Rhubarb is a hardy and low maintenance perennial plant which has large green leaves paired with pink/green stalks. This plant can produce crops for years. So you’ll always have a steady supply of rhubarb, making it a fantastic (and delicious!) investment. Grown as a vegetable but used mainly in desserts such as pie. Rhubarb is the perfect garden plant to yield large crops to give your friends.

rhubarb plants

Which variety of rhubarb is best to plant?

There are plenty of rhubarb varieties to choose from. So we’ve made it easier for you to decide with 4 of our favourites.

1. Rheum rhabarbarum ‘Victoria’ – This variety has juicy and sweet stalks that pack a tarty punch – perfect for pies. Easy to grow and does best in full sun. Long-established and a very popular variety.
2. Rhubarb ‘Raspberry Red’ – A newer variety with thick red stems, this rhubarb is sweet. Does not require forcing and can be harvested in May.
3. Rheum rhabarbarum ‘Timperley Early’ – Can be harvested as early as February. This early variety produces lots of delicate slender and tender stems. Easy to grow and performs well outside (also a good variety to force).
4. Rheum rhabarbarum ‘Champagne’ – This classic early cultivar is arguably one of the best varieties altogether! Long stems with a very sweet flavour – perfect for all-purpose use. Unforced, the stems are ruby red in colour.

    When do you plant rhubarb?

    The best time to plant rhubarb crowns or buds is in autumn or spring (from October to March), however rhubarb can generally be planted out almost any time of the year so long as the soil is in good condition and is not waterlogged, too dry or too cold.

    Where do you plant rhubarb?

    Rhubarb is not a very demanding plant. However there are a few things to consider when selecting a location for your rhubarb plants. How you plant your rhubarb depends on how you receive it. It can be planted from seed, however, more often than not, you will receive your rhubarb as a crowns. Bare root plants or as established plants in pots.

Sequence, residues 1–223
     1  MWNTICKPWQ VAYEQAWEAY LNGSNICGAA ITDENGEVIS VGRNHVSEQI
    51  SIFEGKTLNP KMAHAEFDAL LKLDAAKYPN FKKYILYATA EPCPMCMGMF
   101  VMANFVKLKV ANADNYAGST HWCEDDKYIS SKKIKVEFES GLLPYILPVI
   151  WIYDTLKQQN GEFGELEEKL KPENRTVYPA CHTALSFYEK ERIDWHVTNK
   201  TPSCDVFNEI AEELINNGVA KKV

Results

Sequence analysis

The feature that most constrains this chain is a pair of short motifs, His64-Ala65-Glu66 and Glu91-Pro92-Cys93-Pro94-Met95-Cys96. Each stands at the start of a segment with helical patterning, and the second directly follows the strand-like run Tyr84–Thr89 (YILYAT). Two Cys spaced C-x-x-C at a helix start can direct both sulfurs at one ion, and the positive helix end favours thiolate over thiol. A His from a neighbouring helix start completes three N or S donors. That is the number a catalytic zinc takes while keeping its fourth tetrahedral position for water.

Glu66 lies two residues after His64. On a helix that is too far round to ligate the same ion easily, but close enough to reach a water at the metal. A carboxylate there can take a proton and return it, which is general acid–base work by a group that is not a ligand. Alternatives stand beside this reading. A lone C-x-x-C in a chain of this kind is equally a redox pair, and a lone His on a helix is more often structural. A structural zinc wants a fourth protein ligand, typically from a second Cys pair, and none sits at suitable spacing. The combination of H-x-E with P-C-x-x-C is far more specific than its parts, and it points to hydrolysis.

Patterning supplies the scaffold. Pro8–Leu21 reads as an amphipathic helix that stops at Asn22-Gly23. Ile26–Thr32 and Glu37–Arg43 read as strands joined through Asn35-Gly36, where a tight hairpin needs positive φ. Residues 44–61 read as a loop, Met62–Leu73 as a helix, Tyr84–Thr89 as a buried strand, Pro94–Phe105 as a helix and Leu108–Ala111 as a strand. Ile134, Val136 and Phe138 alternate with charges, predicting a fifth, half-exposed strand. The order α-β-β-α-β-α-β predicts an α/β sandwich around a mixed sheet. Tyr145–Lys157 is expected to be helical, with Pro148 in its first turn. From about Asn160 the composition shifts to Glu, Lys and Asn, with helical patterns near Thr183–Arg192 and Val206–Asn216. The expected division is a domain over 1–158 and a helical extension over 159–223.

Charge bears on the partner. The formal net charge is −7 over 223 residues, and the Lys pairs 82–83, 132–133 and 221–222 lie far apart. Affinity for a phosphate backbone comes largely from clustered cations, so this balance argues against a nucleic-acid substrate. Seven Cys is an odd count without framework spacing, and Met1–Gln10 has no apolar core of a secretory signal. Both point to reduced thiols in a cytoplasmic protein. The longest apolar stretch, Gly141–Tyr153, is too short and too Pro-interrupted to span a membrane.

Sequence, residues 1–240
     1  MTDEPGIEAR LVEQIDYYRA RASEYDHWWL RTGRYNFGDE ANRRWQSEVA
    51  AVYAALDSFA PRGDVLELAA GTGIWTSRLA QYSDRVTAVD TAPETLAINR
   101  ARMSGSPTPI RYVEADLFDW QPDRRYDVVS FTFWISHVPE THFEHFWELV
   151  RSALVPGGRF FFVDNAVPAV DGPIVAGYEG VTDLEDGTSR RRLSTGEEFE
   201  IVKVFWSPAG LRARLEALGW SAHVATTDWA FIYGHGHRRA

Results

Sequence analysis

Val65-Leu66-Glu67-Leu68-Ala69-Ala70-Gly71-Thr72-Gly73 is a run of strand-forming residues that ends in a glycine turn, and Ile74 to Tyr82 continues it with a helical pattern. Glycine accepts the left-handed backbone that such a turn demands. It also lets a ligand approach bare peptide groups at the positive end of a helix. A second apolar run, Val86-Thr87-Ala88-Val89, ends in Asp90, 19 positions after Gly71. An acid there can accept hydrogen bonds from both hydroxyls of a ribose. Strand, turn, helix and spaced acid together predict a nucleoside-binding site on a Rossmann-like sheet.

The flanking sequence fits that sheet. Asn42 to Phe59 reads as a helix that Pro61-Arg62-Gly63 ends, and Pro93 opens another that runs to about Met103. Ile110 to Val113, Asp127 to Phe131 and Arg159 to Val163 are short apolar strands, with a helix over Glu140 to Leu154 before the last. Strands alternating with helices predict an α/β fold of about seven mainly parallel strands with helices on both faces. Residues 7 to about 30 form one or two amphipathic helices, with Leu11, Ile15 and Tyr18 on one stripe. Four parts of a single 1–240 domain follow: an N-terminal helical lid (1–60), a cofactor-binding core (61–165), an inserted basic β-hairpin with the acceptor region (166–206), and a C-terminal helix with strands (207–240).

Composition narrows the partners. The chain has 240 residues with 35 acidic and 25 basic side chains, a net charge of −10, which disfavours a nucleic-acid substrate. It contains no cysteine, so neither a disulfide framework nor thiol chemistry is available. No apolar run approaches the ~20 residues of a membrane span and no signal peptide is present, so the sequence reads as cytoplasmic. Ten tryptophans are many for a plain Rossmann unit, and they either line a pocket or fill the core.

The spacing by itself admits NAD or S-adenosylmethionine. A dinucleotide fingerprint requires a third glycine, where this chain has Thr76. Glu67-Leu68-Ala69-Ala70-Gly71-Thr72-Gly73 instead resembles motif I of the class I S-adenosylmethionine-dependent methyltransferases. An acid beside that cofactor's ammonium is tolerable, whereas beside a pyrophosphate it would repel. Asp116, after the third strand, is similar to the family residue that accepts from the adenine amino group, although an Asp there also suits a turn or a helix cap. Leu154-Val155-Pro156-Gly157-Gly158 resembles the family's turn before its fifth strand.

Rhubarb can be grown in large containers or pots (50cm depth at least). Or even straight in the ground with free-draining soil. Note: Rhubarb dislikes sitting in water-logged dirt. Bear in mind that rhubarb can grow quite large so place it somewhere where it has the space.

    Place your rhubarb plants in a sunny position outdoors. Once you’ve found a place for it, avoid moving the plant as it isn’t keen on being disturbed.

    How do you care for rhubarb?

    Although generally a low maintenance plant, rhubarb can perform much better when given a little extra care. 


    Watering: Rhubarb doesn’t need watering very often once established, however if your rhubarb is flowering, remove the flower and provide the plant with some water as flowering is a sign of stress from thirst.


    Feeding: If you’d like to boost the growth of your rhubarb, you can apply a general fertiliser during spring or early summer. 

    Mulching: Mulch around the base of your rhubarb plants to keep the weeds at bay as well as to retain soil moisture, just be careful not to bury the base of the crown.

    How do you force rhubarb?

    Forcing rhubarb means to cover the crowns in early winter when still dormant in order to ‘force’ the light away from the stems which will allow for an earlier and sweeter harvest! 


    You can use almost anything to force your rhubarb, from a traditional terracotta rhubarb forcer, to a planter, bin or bucket. You can likely harvest your forced rhubarb around 8 weeks after initially covering them, which is sometimes a month earlier than other rhubarb crops.

    Try not to force the same crop of rhubarb two years in a row so as to not weaken the plant and allow it to produce healthy stems.

    How do you harvest rhubarb?

    It is best to avoid harvesting your newly planted rhubarb in its first year to allow it to establish properly. The best time to harvest rhubarb is usually anywhere from March to June, but the best way to tell is if your rhubarb stalks are long enough (30-60cm).


    To harvest your rhubarb, simply pull the stalk from the base and gently twist. It’s always a good idea to leave at least half (if not two thirds) of the stalks so that the plant can remain well established for the next harvest. 


    It’s important to note that while the stems are fully edible, do not attempt to harvest or eat the leaves as these contain oxalic acid which is toxic when consumed.

    Common pests, diseases & problems

    • Snails/slugs: Snails and slugs may like to snack on your rhubarb plant, try using Strulch the straw garden mulch which has been shown to deter molluscs, or handpick any pesky visitors and transport them to somewhere else. You may also want to try an eggshell barrier.
    • Crown rot: A fungal infection affecting the base of rhubarb plants, causing browning and softness, the best remedy for this is to cut away affected areas entirely 

    Red leaf disease: Splotches of red appearing on the rhubarb leaves from a fungal infection. While this won’t kill your plant, it is best to cut away affected leaves.